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Business Valuation and Why You Might Need to Get One

Comparables valuation

If you have a small business that you have built from the ground up or have taken from fledgling to profitable, then having a small business valuation done can be something that you might take quite personally. That is understandable. You have put a great deal of your personal energy into making it what it is now.

A problem comes into play when you need to sell your business and you need a small business appraisal. If you are not careful, the entire process of valuation can easily become derailed when it is based on personal emotion, attachment, and subjective ideas rather than quality data that is based on the realities of the market.

In the exact same when residential properties obtain their actual value, so, too, do businesses obtain their value and the way value is determined is by what a buyer is willing to pay for it. In the end, that is really the only criteria.

At the same time, a seller wants to present the business in a way that leads the buyer to understand its worth to them. That is where a small business valuation comes into play. A solid business appraisal valuation, small business comps, and a valuation market approach are a few of the tools that are used when setting your business up for maximum value.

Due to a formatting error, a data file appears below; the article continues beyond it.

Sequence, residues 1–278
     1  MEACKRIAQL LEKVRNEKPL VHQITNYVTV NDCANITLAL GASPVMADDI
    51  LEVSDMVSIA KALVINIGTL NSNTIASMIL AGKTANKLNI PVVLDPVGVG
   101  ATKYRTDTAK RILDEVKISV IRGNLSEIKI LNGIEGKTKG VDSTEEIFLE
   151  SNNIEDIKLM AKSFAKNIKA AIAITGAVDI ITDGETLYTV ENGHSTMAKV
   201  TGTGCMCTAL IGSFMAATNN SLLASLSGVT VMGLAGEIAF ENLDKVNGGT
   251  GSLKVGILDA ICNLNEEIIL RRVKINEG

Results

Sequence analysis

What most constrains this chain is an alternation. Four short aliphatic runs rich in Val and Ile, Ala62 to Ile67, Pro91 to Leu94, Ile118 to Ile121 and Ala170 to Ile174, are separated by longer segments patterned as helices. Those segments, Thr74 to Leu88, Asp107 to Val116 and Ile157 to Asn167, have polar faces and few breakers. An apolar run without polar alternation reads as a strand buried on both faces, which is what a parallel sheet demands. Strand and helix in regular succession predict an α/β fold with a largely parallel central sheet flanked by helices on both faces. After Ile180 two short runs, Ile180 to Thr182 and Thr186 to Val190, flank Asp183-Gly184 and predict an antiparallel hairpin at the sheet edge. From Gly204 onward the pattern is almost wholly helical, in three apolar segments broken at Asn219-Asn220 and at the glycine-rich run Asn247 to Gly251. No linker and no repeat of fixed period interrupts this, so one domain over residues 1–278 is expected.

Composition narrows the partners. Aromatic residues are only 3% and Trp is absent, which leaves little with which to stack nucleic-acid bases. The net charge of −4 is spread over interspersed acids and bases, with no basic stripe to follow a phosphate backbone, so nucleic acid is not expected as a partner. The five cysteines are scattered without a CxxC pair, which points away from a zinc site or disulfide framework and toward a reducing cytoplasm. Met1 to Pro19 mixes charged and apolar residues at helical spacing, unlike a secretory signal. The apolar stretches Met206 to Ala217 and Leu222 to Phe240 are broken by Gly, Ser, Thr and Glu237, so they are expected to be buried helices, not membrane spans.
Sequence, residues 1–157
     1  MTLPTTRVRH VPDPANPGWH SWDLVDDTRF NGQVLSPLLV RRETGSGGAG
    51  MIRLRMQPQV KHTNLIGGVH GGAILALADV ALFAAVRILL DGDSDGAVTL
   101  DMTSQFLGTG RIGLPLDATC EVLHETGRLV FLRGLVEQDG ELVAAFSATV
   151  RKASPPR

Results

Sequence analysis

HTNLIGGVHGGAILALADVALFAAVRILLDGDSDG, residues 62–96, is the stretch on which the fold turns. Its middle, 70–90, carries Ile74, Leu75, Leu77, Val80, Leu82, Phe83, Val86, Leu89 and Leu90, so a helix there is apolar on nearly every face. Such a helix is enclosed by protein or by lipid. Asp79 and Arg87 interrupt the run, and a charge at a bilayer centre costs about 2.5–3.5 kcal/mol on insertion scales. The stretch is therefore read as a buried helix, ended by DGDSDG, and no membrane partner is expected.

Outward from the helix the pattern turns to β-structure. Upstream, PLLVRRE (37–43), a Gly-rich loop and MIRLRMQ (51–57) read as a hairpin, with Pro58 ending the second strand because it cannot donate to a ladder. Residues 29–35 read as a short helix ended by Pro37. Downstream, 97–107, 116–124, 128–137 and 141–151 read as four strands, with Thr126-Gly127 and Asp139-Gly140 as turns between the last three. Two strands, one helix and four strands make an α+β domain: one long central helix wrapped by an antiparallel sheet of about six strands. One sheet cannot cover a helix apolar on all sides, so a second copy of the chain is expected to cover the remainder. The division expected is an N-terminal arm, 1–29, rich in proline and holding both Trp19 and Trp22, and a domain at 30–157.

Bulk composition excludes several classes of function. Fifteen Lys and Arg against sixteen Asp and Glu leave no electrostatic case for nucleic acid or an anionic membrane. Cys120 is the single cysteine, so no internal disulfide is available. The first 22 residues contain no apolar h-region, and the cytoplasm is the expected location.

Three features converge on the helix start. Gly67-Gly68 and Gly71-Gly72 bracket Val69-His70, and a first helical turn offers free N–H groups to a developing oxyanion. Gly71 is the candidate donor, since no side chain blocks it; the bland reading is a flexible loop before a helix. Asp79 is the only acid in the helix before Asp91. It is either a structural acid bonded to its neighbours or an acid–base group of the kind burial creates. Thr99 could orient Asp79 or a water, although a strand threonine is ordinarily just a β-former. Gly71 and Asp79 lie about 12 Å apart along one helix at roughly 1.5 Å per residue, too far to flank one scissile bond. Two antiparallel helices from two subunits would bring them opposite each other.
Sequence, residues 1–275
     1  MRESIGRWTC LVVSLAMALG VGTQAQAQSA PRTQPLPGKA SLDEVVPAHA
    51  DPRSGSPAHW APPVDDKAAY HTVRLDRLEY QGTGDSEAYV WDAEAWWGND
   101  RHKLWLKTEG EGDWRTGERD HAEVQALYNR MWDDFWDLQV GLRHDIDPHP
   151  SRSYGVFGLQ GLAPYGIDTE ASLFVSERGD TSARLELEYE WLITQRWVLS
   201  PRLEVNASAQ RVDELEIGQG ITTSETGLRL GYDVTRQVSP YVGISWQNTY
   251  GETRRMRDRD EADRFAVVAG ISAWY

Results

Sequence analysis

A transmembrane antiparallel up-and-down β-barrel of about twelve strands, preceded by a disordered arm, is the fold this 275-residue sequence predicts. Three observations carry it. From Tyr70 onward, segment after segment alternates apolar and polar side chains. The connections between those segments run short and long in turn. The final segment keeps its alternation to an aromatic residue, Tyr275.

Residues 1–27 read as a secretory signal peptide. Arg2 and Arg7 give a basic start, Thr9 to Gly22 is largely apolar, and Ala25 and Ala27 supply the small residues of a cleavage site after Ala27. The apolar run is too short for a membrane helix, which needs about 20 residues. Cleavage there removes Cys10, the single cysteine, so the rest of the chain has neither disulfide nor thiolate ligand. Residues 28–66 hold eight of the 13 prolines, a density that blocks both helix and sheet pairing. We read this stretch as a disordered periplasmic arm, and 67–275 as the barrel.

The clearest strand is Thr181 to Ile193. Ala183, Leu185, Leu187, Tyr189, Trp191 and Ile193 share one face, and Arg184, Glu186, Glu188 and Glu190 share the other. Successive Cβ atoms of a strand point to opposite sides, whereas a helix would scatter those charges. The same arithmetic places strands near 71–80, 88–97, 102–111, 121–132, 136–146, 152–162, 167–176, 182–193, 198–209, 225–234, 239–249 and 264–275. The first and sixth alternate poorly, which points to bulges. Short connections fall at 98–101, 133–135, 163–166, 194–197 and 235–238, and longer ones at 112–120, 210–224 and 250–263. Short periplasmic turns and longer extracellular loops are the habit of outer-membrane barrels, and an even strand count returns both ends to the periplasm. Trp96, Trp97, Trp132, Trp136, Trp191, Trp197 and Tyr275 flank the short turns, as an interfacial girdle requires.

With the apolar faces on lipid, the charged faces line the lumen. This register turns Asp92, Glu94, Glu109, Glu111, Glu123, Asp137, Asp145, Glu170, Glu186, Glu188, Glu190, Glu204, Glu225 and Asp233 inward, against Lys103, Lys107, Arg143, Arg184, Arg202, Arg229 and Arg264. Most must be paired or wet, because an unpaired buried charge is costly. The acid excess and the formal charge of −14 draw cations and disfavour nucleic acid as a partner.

It is important to remember that business value isn’t absolute. The entire process is about measuring the worth of your business. The way this is managed is by determining what the standard of value is for a business like the one you own and what that premise of value actually is. Another way to think about this is to determine how a business gets valued–what type it is and where it is located–and under what circumstances you are getting a small business valuation–why you are selling or how the economy is performing, etc..

At the end of the day, a small business valuation–like all business valuations–is about the economics of your business. Financial information is a very big key to the puzzle. You will need to have financial statements that cover your income for roughly three to five years and a balance sheet to show your profits and losses.

Essentially, it all boils down to this: how does your small business compare to recent sales of similar businesses, what is the earning potential of your business, and what are your assets.

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